The final section is inspired by what the Chinese call "an elegant gathering": a salon in which art is discussed and created. Generations of Wengs united through their paintings and poetry. One scroll contains 15 inscriptions, Li notes, which means "you have these writers who could be a hundred years apart commenting and participating in their own elegant gathering."

The connection with Liu Fang Yuan is "effortless," Li says, "in that gardens often were built by people like the Wengs, who possessed what the exhibition emphasizes: the refined collector's taste." Also, she says, "We talk about a garden as a three-dimensional painting because it takes its symbolism from the way you look at a painting, which is to enter it with your eyes and then read the inscriptions or write an inscription."

Ideally, says Li, viewers will leave the gallery and head for the garden. "That way they can link everything together themselves."

Breaking more new ground

At the heart of Liu Fang Yuan lies a man-made lake graced by pavilions, Chinese and native plantings and ornamental stones.

"If you walk around to the north and west sides," says Moser, "you may ask, 'What is going to happen over here?' " Phase 2 will add a performance hall, courtyard and display and viewing areas, filling in the 12-acre site. "The idea is to give a sense of completion," says Moser, "even though we know the garden will never be complete."

The idea of creating a Chinese garden had bounced around the Huntington for years. Nothing happened, however, until what Koblik calls "a gift from heaven": a surprise $10-million bequest from board member Peter Paanakker, who died in 1999.

Half was designated for construction and half for a maintenance endowment. "I promised the trustees I would bring in the rest of the money from sources that were not involved before," Koblik says. That meant seeking the help of Chinese American and Chinese patrons.

Building a base of support, just like building the garden itself, required the 90-year-old institution to do many things it never had. Among the first steps, the Huntington recruited Moser -- a veteran fundraiser who had worked in Hong Kong -- in 2003. She introduced her colleagues to the art of raising money "Chinese style." "The motives are different and the methods are different," she says. "In America, you make a case for your cause." She holds up a fact sheet about the garden. "But the Chinese also will look at this." She holds up a list of donors. "They see who has given and if the right names -- others whom you respect -- are there."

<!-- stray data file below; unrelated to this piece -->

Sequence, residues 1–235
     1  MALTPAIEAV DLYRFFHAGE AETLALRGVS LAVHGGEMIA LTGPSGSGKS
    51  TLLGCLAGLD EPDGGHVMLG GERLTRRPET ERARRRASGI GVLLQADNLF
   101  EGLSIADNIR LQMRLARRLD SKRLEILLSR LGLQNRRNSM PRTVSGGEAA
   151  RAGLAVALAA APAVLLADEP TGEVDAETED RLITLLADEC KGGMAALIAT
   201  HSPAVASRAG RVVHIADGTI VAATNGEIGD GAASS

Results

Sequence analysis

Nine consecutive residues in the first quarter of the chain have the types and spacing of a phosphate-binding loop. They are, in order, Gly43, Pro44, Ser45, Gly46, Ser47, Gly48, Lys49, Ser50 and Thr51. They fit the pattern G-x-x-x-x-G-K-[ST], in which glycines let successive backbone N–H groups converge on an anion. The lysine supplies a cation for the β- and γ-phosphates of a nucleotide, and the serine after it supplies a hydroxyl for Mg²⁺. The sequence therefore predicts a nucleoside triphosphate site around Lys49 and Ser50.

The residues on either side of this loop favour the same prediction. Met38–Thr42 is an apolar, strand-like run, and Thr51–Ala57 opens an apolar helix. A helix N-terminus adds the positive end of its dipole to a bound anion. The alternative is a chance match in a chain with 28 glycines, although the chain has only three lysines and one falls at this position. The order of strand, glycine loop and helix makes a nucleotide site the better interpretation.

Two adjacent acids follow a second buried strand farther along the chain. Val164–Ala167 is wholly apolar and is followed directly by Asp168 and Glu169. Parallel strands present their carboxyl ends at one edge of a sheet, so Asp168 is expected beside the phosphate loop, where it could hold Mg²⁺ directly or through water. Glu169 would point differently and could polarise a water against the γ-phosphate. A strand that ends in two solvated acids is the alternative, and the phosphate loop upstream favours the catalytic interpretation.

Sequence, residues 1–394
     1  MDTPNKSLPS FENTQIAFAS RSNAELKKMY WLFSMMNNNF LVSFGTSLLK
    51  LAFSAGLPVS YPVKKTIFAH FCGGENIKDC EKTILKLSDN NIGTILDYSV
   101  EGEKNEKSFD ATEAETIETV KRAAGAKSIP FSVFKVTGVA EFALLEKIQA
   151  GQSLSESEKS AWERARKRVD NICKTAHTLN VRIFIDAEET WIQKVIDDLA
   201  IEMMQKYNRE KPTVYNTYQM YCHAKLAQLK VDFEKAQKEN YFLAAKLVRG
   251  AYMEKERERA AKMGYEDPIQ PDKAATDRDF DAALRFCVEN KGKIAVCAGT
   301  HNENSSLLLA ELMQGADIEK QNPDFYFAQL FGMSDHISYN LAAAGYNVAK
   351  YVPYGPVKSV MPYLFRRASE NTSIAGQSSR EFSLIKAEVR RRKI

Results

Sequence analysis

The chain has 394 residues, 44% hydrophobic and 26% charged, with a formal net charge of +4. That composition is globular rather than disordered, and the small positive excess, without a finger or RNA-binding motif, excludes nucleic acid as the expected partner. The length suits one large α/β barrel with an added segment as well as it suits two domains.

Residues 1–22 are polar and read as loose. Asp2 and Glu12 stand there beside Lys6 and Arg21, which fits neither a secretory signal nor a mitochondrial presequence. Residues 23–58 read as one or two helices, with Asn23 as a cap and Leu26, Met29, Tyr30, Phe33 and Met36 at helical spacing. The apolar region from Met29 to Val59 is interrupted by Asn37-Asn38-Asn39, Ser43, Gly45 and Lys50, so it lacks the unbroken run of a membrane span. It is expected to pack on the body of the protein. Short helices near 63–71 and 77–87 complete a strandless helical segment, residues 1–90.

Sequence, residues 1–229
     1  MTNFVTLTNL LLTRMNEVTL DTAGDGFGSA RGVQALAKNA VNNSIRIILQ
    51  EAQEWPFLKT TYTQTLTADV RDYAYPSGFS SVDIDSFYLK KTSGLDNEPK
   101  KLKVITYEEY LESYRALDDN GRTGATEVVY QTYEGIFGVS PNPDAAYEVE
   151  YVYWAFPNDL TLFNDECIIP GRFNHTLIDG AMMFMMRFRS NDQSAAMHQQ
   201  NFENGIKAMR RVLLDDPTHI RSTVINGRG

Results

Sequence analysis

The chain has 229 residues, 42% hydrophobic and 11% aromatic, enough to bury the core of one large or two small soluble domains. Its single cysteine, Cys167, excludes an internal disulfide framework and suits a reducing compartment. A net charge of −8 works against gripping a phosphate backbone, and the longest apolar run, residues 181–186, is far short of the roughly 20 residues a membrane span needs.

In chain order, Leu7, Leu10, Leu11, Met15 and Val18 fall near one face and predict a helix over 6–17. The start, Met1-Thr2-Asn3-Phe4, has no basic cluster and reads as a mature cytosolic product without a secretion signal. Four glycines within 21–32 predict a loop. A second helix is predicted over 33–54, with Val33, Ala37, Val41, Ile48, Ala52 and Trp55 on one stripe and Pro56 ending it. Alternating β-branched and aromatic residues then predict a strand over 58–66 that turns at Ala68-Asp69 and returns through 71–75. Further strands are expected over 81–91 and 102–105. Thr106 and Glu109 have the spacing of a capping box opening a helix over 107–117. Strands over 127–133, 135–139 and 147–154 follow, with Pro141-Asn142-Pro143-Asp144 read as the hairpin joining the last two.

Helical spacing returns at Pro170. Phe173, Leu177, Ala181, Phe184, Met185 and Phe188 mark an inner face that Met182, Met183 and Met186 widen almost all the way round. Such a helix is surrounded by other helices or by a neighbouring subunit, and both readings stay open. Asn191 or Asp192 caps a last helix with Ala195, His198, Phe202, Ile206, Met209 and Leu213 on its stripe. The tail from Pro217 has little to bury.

Fortunately, the Huntington had hired the Suzhou Institute of Landscape Architectural Design to design the project, based on conceptual drawings by landscape architect Jin Chen. "One great moment was when I could prove to prospects that as a white institution we knew what we didn't know," says Moser. "We had partners in Suzhou and were shipping over Chinese materials and labor."

Early on, Huntington officials discussed fundraising with Dominic Ng, the head of East West Bank. "If we wanted credibility, we needed to start with him," Moser says. The Huntington also formed the Friendship Fund Committee, made up of well-connected Chinese American women who could locate likely donors.

"Some people didn't know too much about the Huntington," recalls committee member Betty Wang, a longtime South Pasadena resident. "Some in the community weren't that enthusiastic because Chinese pay a lot of attention to education and the needy. They said, 'If I am donating this much, I would rather give to villages in the countryside.' I would agree. Never push. But having a Chinese garden is building a bridge between East and West."

The garden's donor walls represent an unusual coming together of L.A. families with roots in old Canton, new-money merchants from the mainland and entrepreneurs from Taiwan and Hong Kong. This proved to be a boon because costs were skyrocketing.

"When I arrived, the working number was $9.3 million," says Moser. "But we had no clue of how difficult it was going to be. We committed to building a classical scholar's garden that had to live up to California earthquake codes and a bunch of other codes."

The Huntington sponsored Li's first lecture series even before the garden opened. Since then, more than $2 million has been raised to fund and endow programs such as a Chinese New Year festival, concerts, calligraphy workshops and a chef's garden tour.

Despite today's economic turbulence, Moser is optimistic about attracting donors for the next stage, which will begin once sufficient funds are raised.

"It is worth the money," says Wang. "The garden definitely is a bridge. Chinese Americans or people in China, they all have heard of the Huntington Library now."